Pressor Reflexes Produced by Stimulation of Afferent Fibers in the Cardiac Sympathetic Nerves of the Cat
Afferent fibers in cardiac sympathetic nerves were stimulated electrically in an attempt to evoke circulatory reflexes. A pressor response was always elicited during stimulation of the central end of the cut left inferior cardiac or pericoronary nerve in vagotomized intact-brain or spinal cats. The maximum blood pressure rise was 21.5 mm Hg during inferior cardiac nerve stimulation and 14.1 mm Hg during pericoronary nerve stimulation. Heart rate and respiration were unaffected by stimulation. The alpha-receptor-blocking agent phenoxybenzamine hydrochloride abolished the pressor response. Sequential sectioning of cardiac nerves arising from either the stellate ganglion or the thoracic sympathetic trunk, or of white rami 1 through 4, indicated that each branch carried afferents contributing to the pressor response. Evoked potentials revealed that excitation of Aδ fibers in the inferior cardiac nerve elicited a weak pressor response, and excitation of C fibers provoked a much stronger response. C fiber continuity between the pericoronary nerve and the inferior cardiac nerve was demonstrated.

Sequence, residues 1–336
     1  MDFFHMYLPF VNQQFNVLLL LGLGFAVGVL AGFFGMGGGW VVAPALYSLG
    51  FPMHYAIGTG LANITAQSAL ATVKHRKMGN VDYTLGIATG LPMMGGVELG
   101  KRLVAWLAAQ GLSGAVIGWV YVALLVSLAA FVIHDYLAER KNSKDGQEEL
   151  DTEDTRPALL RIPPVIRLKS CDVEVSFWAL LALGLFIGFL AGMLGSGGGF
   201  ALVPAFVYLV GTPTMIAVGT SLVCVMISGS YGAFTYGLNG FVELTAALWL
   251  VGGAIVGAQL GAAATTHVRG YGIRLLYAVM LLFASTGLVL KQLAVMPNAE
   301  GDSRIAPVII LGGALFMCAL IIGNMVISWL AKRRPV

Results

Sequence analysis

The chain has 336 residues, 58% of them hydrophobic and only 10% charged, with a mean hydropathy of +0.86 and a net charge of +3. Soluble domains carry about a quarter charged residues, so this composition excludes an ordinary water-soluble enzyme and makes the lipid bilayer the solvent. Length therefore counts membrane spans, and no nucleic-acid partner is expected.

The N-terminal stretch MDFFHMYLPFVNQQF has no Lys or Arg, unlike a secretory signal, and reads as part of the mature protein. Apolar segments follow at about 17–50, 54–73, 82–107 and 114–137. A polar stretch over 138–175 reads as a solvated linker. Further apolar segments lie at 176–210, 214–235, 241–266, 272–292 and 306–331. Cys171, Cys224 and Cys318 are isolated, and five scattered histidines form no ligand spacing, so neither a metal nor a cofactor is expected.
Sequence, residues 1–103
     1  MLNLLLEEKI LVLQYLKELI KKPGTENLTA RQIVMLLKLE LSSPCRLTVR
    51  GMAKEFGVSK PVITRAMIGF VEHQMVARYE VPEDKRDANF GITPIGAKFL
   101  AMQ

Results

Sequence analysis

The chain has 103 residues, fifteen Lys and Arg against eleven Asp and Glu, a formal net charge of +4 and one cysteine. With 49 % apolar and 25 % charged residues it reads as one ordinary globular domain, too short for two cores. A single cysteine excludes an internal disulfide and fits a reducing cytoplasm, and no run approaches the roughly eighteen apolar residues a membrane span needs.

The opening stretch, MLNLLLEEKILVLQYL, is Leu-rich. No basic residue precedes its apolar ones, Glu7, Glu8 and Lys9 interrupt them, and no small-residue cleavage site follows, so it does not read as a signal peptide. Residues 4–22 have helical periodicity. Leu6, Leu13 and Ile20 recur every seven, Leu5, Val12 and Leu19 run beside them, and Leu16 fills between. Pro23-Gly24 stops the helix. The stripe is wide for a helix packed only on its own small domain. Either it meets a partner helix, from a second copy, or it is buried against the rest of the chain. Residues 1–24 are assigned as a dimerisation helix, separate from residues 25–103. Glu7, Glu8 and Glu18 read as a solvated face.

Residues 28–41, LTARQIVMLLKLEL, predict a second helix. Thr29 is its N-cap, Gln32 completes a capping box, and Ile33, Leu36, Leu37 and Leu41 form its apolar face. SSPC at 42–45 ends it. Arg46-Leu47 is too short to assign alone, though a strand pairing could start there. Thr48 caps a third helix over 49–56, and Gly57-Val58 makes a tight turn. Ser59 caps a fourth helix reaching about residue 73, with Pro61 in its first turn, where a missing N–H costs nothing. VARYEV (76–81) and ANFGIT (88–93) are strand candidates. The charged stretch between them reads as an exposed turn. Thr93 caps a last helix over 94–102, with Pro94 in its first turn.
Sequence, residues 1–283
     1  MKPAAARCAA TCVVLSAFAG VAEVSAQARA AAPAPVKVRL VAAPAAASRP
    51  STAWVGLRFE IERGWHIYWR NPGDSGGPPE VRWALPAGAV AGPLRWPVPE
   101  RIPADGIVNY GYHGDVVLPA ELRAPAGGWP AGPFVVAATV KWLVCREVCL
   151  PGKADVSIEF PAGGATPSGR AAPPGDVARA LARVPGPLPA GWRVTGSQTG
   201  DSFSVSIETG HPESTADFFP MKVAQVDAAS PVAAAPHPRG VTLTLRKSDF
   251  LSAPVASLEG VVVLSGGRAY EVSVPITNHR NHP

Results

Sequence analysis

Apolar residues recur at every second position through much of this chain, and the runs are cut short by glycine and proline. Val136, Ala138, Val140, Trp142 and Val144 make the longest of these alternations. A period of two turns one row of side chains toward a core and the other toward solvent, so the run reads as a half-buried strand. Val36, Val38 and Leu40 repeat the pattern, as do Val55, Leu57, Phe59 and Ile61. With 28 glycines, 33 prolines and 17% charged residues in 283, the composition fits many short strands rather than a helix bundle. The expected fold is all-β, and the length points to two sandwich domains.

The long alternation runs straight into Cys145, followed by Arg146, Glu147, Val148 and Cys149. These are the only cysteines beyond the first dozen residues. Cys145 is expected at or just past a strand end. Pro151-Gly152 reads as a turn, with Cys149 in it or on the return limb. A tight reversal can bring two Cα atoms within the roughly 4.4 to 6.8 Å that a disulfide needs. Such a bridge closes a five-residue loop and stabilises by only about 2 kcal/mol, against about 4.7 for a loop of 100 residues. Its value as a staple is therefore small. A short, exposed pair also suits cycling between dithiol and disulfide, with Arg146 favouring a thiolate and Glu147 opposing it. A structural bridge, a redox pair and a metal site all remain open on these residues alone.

- pericoronary nerve
- sympathetic reflex
- evoked potential
- phenoxybenzamine hydrochloride
- inferior cardiac nerve
- Received January 14, 1971.
- Accepted March 4, 1971.
- © 1971 American Heart Association, Inc.